Academic journal article Electronic Green Journal

Review: Scientific Uncertainty and the Politics of Whaling

Academic journal article Electronic Green Journal

Review: Scientific Uncertainty and the Politics of Whaling

Article excerpt

Review: Scientific Uncertainty and the Politics of Whaling By Michael Heazle Reviewed by Ryder W. Miller San Francisco, USA Michael Heazle. Scientific Uncertainty and the Politics of Whaling. Seattle: University of Washington Press, 2006. 240 pp. ISBN: 0-295-98605-0 (trade cloth) Acid free paper. US$60.00.

Michael Heazle, a Research Fellow at the Griffith Asia Institute at Griffith University in Australia, chronicles the history of whaling in the Antarctic oceans. The concept of "scientific truth" is on trial in this detailed and intricate history with scientists of the past not being able to convince the whaling industry that they needed to curtail their hunting in order to maintain sustainability of the blue, fin and humpback whale stocks. Whales were once abundant in the Antarctic oceans, but extensive hunting led to a collapse of the whaling stocks and a "sea change" in the treatment of scientific advice. Before the collapse, the claim of a lack of "scientific certainty" benefited the whaling industry which did not heed the warning of the scientists who were not deemed to have convincing evidence that whale hunting would lead to the demise of the whaling stocks. After the collapse, the burden of proof fell on the whaling industry, which had to argue that hunting would not lead to further damage to the whale populations. Sustainability efforts were also bolstered by the "precautionary principle" which weighed on the side of protecting the whales.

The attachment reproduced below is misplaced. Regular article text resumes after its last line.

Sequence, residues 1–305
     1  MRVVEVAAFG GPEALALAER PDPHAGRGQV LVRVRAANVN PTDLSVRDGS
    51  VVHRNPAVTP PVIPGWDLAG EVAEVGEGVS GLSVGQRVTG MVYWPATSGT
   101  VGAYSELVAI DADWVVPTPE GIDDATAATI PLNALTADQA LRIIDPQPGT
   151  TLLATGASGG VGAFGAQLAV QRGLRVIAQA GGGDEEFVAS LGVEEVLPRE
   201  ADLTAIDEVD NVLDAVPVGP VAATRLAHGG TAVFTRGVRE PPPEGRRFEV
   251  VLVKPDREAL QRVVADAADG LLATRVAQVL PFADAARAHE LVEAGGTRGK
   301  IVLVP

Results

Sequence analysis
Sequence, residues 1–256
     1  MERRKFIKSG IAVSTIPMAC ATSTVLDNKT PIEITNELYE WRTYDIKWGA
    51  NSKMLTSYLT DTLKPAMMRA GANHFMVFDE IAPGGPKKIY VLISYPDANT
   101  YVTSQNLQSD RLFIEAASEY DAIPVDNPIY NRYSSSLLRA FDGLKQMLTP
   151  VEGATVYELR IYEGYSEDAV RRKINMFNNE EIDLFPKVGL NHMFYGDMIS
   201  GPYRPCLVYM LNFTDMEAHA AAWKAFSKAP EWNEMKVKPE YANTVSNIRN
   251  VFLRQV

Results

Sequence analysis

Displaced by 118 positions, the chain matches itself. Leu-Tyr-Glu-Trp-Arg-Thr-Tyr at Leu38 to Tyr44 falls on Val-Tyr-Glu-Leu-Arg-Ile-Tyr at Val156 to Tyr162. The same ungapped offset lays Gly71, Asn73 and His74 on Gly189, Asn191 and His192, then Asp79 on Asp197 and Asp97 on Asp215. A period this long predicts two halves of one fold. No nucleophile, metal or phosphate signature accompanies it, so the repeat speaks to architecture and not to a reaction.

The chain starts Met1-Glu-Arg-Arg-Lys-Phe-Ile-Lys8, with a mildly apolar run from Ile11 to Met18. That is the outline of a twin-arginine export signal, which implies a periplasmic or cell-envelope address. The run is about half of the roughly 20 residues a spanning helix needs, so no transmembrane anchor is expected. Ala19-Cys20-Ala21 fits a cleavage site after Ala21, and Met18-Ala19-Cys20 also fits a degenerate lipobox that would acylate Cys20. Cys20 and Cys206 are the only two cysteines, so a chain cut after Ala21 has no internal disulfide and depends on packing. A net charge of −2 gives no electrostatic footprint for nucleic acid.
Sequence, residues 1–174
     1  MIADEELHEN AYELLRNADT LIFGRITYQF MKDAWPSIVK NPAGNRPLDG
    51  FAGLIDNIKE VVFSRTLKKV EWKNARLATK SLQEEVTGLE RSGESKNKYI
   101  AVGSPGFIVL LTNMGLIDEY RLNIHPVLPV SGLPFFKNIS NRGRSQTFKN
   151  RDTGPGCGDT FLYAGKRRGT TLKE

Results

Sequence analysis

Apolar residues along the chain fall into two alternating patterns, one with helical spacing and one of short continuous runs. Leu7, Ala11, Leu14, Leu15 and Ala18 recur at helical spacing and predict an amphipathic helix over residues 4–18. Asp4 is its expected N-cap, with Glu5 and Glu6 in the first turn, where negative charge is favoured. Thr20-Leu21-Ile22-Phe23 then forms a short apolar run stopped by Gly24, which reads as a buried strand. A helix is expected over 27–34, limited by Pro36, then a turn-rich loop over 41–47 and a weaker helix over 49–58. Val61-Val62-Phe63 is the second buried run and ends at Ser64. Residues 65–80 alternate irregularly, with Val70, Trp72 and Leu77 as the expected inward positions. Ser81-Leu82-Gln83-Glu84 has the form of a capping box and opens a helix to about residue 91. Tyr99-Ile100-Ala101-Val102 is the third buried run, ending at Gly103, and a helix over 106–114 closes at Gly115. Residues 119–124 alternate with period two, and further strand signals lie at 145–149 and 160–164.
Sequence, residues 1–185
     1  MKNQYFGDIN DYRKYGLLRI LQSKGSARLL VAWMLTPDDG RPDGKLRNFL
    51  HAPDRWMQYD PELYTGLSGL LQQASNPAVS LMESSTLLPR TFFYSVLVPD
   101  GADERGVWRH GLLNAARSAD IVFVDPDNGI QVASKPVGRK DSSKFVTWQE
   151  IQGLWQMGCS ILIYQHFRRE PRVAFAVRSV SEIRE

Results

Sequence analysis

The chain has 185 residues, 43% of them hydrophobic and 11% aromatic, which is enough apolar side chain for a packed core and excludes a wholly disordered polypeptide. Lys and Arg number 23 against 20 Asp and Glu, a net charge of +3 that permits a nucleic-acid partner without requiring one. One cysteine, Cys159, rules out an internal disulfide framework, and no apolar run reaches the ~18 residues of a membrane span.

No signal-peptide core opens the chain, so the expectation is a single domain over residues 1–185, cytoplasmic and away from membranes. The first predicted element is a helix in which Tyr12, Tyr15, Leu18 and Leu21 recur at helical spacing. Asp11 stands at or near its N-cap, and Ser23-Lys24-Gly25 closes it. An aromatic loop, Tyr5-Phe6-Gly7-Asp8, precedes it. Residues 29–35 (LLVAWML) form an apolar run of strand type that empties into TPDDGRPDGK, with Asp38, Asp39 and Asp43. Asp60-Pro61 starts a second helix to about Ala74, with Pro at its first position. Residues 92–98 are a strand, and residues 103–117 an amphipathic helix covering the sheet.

Heazle, writing from the perspective of an observer, rather than an involved or idealistic scientist, asks: "To what ends do governments and non governmental organizations use empirical scientific methods and why?" (Page 32) He argues that "The actions of the IWC's [International Whaling Commission] members at the 1964 meeting in Sandefjord clearly illustrate what this study is attempting to demonstrate: that the treatment of scientific advice by policy makers in the IWC (and in other wildlife and environmental regimes) is determined almost entirely by how well it fits with individual priorities, rather than the extent (contrived, imagined, or otherwise) to which a piece of scientific research may or may not be said to accurately describe and explain reality. …

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